5 Congenital Heart Disease Nursing Care Plans

Congenital heart disease results from malformations of the heart that involve the septums, valves, and large arteries. They are classified as acyanotic or cyanotic defects. Acyanotic defects occur when a left-to-right shunt is present that allows a mixture of oxygenated and unoxygenated blood to enter the systemic circulation. The most common consequences of these defects in children are growth retardation and congestive heart failure (CHF).

Common cyanotic defects include tetralogy of Fallot and transposition of the great vessels. Tetralogy of Fallot involves four defects that include pulmonic stenosis, ventricular septal defect, right ventricular hypertrophy, and an aorta that overrides the ventricular septal defect. Transposition of the great vessels is a condition in which the aorta arises from the right ventricle instead of the left ventricle, and the pulmonary artery arises from
the left ventricle instead of the right ventricle, thereby causing a reversal of the normal position of these arteries. Transposition of the great vessels is incompatible with life unless septal defects are also present to allow mixing of blood from the two circulations.

Acyanotic defects include coarctation of aorta, patent ductus arteriosus, and ventricular septal defect. Coarctation of the aorta is the narrowing of the aorta proximal to the ductus arteriosus (preductal), distal to the ductus arteriosus (postductal), or level with the ductus arteriosus (auxtaductal). The position of the narrowing during fetal development determines circulation to the lower body and development of collateral circulation. Patent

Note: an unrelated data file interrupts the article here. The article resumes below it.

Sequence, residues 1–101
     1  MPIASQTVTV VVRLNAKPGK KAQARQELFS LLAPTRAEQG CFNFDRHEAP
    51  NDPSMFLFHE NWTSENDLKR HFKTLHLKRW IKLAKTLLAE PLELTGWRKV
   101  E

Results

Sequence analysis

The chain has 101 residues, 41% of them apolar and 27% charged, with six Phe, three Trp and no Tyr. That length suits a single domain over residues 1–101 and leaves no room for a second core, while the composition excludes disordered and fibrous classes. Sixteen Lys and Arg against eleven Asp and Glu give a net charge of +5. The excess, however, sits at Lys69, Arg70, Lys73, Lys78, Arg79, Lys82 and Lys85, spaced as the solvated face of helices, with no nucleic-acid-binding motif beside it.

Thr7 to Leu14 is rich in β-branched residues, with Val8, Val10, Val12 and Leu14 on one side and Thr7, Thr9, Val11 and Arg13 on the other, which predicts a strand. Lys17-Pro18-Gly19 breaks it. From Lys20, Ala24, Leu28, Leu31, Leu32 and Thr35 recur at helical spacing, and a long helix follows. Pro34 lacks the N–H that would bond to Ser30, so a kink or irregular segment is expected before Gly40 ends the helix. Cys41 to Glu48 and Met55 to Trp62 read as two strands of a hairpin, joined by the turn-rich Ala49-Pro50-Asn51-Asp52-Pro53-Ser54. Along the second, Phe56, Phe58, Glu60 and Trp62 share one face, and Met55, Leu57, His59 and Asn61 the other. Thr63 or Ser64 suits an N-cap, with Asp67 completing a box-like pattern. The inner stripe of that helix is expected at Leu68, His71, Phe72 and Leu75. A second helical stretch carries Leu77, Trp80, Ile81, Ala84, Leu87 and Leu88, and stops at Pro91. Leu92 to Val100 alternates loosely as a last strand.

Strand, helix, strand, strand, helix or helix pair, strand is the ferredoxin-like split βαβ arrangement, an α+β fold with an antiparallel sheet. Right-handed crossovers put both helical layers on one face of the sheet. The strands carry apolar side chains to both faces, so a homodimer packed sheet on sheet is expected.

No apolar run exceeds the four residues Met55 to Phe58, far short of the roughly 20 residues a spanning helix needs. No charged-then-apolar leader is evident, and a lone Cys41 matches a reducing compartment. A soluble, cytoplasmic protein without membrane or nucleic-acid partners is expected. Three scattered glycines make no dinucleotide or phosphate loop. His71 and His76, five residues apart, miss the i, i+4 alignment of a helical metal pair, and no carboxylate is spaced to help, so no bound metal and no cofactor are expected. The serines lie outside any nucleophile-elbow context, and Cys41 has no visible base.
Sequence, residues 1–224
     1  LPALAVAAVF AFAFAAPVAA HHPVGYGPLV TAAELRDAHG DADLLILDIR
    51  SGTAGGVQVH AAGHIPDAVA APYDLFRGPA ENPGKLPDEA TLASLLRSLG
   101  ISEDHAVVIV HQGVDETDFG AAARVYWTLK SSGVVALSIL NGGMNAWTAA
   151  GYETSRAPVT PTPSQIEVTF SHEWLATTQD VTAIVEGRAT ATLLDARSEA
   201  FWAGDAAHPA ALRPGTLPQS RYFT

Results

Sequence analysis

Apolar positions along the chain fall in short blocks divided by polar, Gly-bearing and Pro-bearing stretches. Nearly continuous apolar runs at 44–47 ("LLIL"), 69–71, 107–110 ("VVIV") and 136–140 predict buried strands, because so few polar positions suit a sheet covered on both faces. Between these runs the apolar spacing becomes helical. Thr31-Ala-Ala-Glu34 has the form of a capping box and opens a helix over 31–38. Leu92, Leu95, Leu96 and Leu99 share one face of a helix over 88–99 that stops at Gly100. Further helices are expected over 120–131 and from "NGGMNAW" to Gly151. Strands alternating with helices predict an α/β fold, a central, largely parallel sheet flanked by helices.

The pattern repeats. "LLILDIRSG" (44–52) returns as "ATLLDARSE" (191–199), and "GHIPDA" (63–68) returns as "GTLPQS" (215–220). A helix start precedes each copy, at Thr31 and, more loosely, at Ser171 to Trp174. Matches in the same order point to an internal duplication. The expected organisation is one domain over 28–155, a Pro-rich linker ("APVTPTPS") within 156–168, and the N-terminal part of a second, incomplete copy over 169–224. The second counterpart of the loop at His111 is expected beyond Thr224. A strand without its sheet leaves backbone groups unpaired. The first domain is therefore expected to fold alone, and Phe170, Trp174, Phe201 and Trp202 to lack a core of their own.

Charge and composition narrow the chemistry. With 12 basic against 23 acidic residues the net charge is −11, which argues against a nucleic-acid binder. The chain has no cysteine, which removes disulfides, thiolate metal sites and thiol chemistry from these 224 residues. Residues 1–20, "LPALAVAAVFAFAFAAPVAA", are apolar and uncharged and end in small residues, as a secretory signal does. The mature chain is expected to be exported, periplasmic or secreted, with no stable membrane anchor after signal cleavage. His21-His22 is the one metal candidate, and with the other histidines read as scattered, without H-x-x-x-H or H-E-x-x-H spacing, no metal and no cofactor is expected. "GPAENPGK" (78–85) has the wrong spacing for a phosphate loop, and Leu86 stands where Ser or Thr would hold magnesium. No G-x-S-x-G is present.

ductus arteriosus is the failure of the structure needed for fetal circulation to close after birth. Ventricular septal defect is the incomplete development of the septum that separates the right and left ventricles, and it often accompanies other defects.

Nursing Care Plans

Congenital heart defects vary in severity, symptoms, and complications, many of which depend on the age of the infant/child and the size of the defect. Treatment may include management with medications, open heart surgery to repair or resect, or to temporarily correct the defect until the child is older and growth takes place.

Here are five (5) nursing care plans (NCP) for congenital heart diseases:

  1. Decreased Cardiac Output
  2. Activity Intolerance
  3. Compromised Family Coping
  4. Risk for Injury
  5. Risk for Infection

Decreased Cardiac Output: Inadequate blood pumped by the heart to meet metabolic demands of the body.

May be related to

  • Structural factors of congenital heart defect

Possibly evidenced by

  • Variations in hemodynamic readings (hypertension, bounding, pulses, tachycardia, specify values)
  • Widened pulse pressure
  • ECG changes,
  • Arrhythmias
  • Murmur
  • Decreased peripheral pulses
  • Fatigue
  • Dyspnea
  • Cyanosis or absence of cyanosis
  • Oliguria
  • Squatting or knee-chest position

Desired Outcomes